“When Tommy came to make his version, he asked to hear what I’d already done. When he heard it he said: ‘I ain’t getting on the back of that.’ So my version came out without Tommy’s version and that meant he lost the royalties on about 16 million records.”
In autumn 1939, during a booking at the Café Rouge, he decided he’d had enough and left the business, saying “Jitterbugs are morons who would listen to a wind shield wiper as long as they could dance.”
He was fed up.”We used to do seven shows a day, seven days a week, months at a time. Can you imagine how boring it is to start every show with S’Wonderful and end with Concerto For Clarinet? And if we changed anything the manager would go mad. How could you live with that?”
The great mass of Artie’s recording output for RCA (the main label of his career) is contained in a bulging, inexpensive 10-CD set (247 titles) on the German Membran label. However, the specialised jazz fan will perhaps be more stimulated by the much rarer items on the Hep label. Its owner Alastair Robertson is a Shaw enthusiast, who writes very perceptively in many of the liner notes. There are probably a dozen of the Hep Shaw issues listed on Amazon – I have seven of them and I would rate each of them as outstanding amongst his output. Five have typically trenchant essays by Alastair.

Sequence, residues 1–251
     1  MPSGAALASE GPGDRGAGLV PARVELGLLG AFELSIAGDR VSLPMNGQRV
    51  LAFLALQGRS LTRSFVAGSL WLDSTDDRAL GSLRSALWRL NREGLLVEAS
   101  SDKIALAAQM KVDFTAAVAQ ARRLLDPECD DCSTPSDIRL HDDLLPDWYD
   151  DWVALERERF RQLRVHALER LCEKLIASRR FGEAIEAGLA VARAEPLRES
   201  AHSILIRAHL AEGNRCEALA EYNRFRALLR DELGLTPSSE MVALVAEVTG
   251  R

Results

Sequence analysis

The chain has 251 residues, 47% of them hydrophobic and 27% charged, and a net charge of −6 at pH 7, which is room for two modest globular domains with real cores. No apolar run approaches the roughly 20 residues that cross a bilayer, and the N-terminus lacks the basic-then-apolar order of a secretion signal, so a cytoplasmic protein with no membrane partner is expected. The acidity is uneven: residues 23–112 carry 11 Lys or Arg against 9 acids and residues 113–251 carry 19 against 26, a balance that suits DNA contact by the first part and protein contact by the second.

Artie reached the highpoint of his achievements with his several returns to the studio between 1949 and 1954. A lot of the tapes that he made he commissioned himself and then presumably sold them to the MusicMasters label where they appeared much later on various labels in England. Some were by a 1949-50 big band, but the bulk were by a Gramercy Five that approached perfection. Apart from Artie the quintet had as its root pianist Hank Jones, always effective throughout his magnificent career, but seldom better than here. Tal Farlow was perfection on the February/March 1954 New York sessions, but Joe Puma, who replaced him in the Hollywood sessions that June, ran Tal close.
But of course it was all about Artie, a towering presence who probably outplayed anything he had done before.
“After that I went to Australia and played some concerts with Ella Fitzgerald, Buddy Rich and Jerry Colonna. After four or five days around Australia I never played again and I’ve never regretted it.”
Personal opinion must decide whether he played better jazz than Benny. He was probably more self-assured and was easier moving through the registers. Over his life the influences that produced this final mature clarinettist had included everyone from Armstrong on down. Artie’s lyricism was outstanding and his tone unique.
He knew his worth and wasn’t afraid to put it into words: “The so-called giants of the swing era were Dorsey, Goodman, Miller, Lunceford, Basie and me. They’re all dead except me. So I must have done something right.” Artie presumably thought Duke to be immortal.
There’s an Artie Shaw website (artieshaw.com), which houses a biographical statement, the actual source of which invites an inevitable suspicion. Written in the third person, it says “Shaw is regarded by many as the finest and most innovative of all jazz clarinettists, a leader of some of the greatest musical aggregations ever assembled and one of the most adventurous and accomplished figures in American music.”
Terry Teachout, commenting in the New York Times, wrote: “You’d have to laugh at such braggadocio, except for one thing – it’s all true.”
It is indeed.